Your Pulse, Decoded

Knowing your heart rate can improve your fitness.

Minute after minute, day in and day out, year after year, your heart is busy keeping you alive by pumping blood to your body. The number of times your heart beats per minute is known as your heart rate or pulse. When you’re at rest, this number is smaller and when you’re active it’s greater. At rest, your pulse is called your resting heart rate. At the other end of the spectrum is your maximum heart rate.

Knowing these two numbers—your resting and maximum heart rates—can be helpful in gaging your fitness level, improving your fitness, and reaching your goals.

How Fit Are You?

A normal resting heart rate varies from person to person, but usually falls between 60 and 100 beats per minute (BPM). The more athletic you are, the lower your heart rate is likely to be. When your heart is in good shape, it doesn’t have to work as hard to pump blood. It’s not uncommon for a super fit person to have a resting heart rate of 40 BPM. On the flip side, unhealthy adults with cardiovascular problems often have a faster heart rate.

This information makes it easy to see how your resting heart rate is a helpful way to measure your fitness level as well as track your fitness progress. Before beginning an exercise program, measure your resting heart rate. And no, you don’t have to visit a doctor to determine your resting heart rate. You can wear a heart rate tracker, smart watch, or fitness tracker to find your pulse or you can take it yourself. Before getting out of bed in the morning, gently hold two fingers (not your thumb) on the inside of your wrist or against the side of your neck and count the number of beats for 30 seconds. Double this number to figure your beats per minute.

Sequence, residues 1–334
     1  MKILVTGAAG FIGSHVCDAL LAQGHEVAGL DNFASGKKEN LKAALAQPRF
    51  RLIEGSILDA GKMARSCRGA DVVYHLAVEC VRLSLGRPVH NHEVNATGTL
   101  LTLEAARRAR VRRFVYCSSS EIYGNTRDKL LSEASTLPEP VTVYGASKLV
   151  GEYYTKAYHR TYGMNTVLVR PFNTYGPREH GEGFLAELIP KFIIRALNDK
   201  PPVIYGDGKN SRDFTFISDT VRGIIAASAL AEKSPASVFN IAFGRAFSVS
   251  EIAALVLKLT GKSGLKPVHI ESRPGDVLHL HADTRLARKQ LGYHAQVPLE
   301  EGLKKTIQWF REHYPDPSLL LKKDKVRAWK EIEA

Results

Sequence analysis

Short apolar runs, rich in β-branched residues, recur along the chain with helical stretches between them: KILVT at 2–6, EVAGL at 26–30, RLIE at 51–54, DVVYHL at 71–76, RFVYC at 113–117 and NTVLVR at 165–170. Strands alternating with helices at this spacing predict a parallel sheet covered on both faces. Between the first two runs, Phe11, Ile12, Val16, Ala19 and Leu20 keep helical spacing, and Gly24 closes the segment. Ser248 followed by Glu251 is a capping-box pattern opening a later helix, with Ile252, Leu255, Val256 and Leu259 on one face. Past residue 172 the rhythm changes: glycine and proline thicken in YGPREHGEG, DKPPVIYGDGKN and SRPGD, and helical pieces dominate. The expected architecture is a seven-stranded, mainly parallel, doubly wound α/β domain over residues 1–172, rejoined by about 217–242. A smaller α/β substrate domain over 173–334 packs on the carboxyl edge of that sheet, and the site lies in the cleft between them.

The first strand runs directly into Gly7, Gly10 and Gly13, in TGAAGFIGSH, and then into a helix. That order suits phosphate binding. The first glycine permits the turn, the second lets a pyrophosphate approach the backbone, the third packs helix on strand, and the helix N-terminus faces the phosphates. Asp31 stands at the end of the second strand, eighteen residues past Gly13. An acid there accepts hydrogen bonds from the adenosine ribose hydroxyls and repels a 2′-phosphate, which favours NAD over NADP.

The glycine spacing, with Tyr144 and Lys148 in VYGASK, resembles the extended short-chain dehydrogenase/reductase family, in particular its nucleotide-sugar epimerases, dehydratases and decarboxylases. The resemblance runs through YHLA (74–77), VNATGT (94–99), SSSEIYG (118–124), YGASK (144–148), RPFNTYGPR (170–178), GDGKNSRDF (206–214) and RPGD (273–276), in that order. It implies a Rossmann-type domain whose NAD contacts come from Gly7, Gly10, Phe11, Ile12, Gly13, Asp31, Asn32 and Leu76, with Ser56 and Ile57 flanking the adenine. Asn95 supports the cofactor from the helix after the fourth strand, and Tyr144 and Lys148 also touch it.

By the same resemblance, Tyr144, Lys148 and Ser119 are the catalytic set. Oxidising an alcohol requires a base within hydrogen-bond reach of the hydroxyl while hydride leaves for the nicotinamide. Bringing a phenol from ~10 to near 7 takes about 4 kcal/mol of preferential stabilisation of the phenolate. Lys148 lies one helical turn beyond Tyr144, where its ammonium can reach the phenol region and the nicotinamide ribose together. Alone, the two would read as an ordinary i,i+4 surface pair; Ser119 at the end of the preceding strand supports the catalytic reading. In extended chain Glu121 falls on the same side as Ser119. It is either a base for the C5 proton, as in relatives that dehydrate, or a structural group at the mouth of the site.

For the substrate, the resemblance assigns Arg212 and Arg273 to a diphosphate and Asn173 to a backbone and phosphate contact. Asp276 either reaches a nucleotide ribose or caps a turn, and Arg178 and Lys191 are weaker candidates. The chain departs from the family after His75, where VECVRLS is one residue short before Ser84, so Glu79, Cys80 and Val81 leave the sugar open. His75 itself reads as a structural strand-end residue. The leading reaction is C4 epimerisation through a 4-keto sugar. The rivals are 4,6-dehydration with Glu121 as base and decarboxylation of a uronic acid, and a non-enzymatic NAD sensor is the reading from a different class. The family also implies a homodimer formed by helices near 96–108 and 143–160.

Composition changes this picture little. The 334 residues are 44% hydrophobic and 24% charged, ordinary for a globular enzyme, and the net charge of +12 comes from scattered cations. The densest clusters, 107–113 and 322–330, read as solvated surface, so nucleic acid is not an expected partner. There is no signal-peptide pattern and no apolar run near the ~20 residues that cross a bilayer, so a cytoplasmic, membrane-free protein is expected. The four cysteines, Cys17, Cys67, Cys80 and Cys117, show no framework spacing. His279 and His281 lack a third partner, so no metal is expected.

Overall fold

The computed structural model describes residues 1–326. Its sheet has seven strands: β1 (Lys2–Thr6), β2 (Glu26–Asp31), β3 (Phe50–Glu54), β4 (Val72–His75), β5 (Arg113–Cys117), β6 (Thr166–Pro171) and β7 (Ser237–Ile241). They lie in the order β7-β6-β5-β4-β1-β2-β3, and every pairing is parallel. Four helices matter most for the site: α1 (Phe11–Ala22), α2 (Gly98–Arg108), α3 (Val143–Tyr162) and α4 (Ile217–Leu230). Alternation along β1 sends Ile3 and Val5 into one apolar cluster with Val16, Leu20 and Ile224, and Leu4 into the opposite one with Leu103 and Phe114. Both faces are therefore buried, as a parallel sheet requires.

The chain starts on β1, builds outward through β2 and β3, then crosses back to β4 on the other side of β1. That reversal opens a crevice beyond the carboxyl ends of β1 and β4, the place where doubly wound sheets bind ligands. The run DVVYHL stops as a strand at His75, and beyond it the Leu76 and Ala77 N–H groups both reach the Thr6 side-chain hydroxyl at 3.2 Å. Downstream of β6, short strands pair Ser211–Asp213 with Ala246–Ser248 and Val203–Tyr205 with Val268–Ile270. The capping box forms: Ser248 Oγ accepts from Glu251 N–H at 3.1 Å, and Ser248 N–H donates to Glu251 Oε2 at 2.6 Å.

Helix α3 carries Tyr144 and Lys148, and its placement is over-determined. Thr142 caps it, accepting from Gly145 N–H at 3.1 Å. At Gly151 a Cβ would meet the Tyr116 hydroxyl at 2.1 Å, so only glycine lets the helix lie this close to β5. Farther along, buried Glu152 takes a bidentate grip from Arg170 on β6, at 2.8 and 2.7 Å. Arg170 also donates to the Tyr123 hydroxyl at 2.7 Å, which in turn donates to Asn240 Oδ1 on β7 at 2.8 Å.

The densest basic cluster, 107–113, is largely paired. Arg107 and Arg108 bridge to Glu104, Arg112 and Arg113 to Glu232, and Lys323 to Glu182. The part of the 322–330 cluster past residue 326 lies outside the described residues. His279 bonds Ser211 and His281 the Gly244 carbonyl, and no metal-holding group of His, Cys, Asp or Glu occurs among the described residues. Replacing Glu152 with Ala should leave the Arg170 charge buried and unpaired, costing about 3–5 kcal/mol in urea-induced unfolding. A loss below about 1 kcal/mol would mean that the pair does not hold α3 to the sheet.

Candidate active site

Use this number as your baseline starting point. A month into your workout routine, take your heart rate again at the same time of day. If you’ve been working hard to get into shape, your heart rate will show it. But if the number of beats per minute hasn’t decreased, it could mean your workouts aren’t challenging enough. After starting a workout routine, allow four to six weeks to see a noticeable difference in your resting heart rate.

How Effective Is Your Workout?

Exercise that causes you to barely break a sweat may not be doing you much good, while intense exercise that pushes your heart to its limits may increase your risk for injury. One way to determine whether you’re exercising at the right intensity is to know your maximum heart rate and your target heart rate.

The best way to find your maximum heart rate is at an exercise lab where multiple factors (age, oxygen consumption, and heart rate) are taken into account. If a visit to the exercise lab isn’t an option, you can get a general idea of your maximum heart rate either by subtracting your age from 220 or by exercising vigorously and taking your heart rate at the peak of your workout.

When you know your maximum heart rate, you can alter your workout to get the greatest outcome by exercising within your target heart rate range. Periodically during your workout, take your pulse. If your goal is to burn fat, you should exercise at the target heart rate of 50–70 percent of your maximum heart rate. To improve the health of your heart, aim to exercise at the target heart rate of 75–85 percent of your maximum rate. Want to gain endurance? Train at 50–65 percent.

Regardless of your health goals, take your heart to heart and get in the gym!